10 February 2017 |
The State of the Nation speech (“SoNA”) by the President of the Republic of South Africa has undoubtedly provided food for thought as well as fodder for debate. It also deserves attention as an important indicator of what changes in law can be anticipated in the coming year. A significant theme running throughout the SoNA was prioritising “radical socio-economic transformation”. This means taking practical measures to drive transformation by using the State’s “strategic levers” to influence the behaviour of the private sector. A close look at the SoNA reveals that Government wishes to effect change in the following areas.
After pointing out that less than five percent of the property sector is owned or managed by Black people, the President stated that a draft Property Practitioners Bill will be published for public comment “with the purpose of establishing a more inclusive, representative sector”.
The President discussed that the Department of Economic Development intends to amend the Competition Act, 1998. The exact manner in which this will be done was not detailed. Rather, the President stated that the amendment “will among others address the need to have a more inclusive economy and to de-concentrate the high levels of ownership we see in many sectors”. This is with an aim to “open up the economy to new players, give Black South Africans opportunities in the economy and indeed help to make the economy more dynamic, competitive and inclusive”. MINING The SoNA noted that the Mining Charter is under review. While broad allusions were made to de-racialisation of the industry and “the internationally accepted right of the state to exercise sovereignty over all the mineral and petroleum resources within the Republic”, no further detail on the discussions between government and business concerning the Charter was given. Further to this, the President announced that the Mining Company of South Africa Bill will be presented to Cabinet and Parliament this year in a bid to "continue to pursue direct state involvement in mining.” The Minerals and Petroleum Resources Development Bill had been sent back to Parliament over concerns that public participation was not conducted correctly. The President recognised the need for this to be resolved expeditiously to resolve the uncertainty this state of affairs causes for business.
The controversial Expropriation Bill, which provides for the expropriation of property for a public purpose or in the public interest, is still yet to receive presidential assent. The President announced that he has decided to refer the Bill back to Parliament for reconsideration. This is on the basis that the Bill may be unconstitutional due to deficiencies in the public participation process before it was passed. He noted that he trusts that Parliament will address this issue without delay. On the Restitution of Land Rights Amendment Act, 2014, he observed that the reopening of land claims is suspended after the Constitutional Court declared it invalid. This was due to aspects of the public consultation process falling short of the Constitutional standard.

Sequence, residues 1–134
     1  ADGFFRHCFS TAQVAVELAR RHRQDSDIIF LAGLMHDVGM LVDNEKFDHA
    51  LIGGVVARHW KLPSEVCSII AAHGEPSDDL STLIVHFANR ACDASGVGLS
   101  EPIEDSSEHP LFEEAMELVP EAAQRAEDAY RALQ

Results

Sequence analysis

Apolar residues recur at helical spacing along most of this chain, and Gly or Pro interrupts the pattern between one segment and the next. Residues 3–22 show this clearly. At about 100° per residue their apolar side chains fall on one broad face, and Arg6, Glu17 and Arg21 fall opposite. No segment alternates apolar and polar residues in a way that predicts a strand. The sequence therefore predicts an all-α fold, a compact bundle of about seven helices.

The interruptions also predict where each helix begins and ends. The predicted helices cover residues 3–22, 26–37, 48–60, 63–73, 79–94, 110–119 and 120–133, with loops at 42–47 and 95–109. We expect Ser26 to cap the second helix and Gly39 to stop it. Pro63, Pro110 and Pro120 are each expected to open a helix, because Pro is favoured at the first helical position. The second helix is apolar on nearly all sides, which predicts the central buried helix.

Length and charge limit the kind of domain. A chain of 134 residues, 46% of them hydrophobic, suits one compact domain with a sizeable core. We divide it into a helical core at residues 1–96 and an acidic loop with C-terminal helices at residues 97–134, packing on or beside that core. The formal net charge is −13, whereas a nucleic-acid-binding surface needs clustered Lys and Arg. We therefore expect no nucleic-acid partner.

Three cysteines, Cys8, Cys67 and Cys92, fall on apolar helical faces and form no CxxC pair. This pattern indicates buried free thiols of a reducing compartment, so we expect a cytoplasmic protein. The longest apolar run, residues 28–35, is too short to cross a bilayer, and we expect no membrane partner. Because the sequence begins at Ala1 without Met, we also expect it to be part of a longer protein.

In light of tragic recent events, the President has affirmed the urgent need to review the National Health Act, 2003 and the Mental Health Act, 2002. This is with a view that “certain powers and functions revert back to the National Minister of Health.” He also referred to ongoing efforts to implement National Health Insurance (“NHI”). It is proposed that the NHI will be implemented in a 14-year period in three phases, of which we are in the first. This is the preparatory phase which commenced in 2012.
This circular was prepared by Cherese Thakur. Should you require advice or assistance on the pending legislation, please contact any of Michael Jackson on 031 – 536 8512 email : firstname.lastname@example.org, Keren Watson on 031 - 536 5818, email : email@example.com or Simon Watson on031 - 536 8530, email : firstname.lastname@example.org or Jason Goodison on 031 - 536 8517, email : email@example.com or Jenna Padoa on 031 - 536 8529, email : firstname.lastname@example.org, Cherese Thakur (031 – 536 8529, email@example.com), Spencer Cason on 031 – 536 8596, email : firstname.lastname@example.org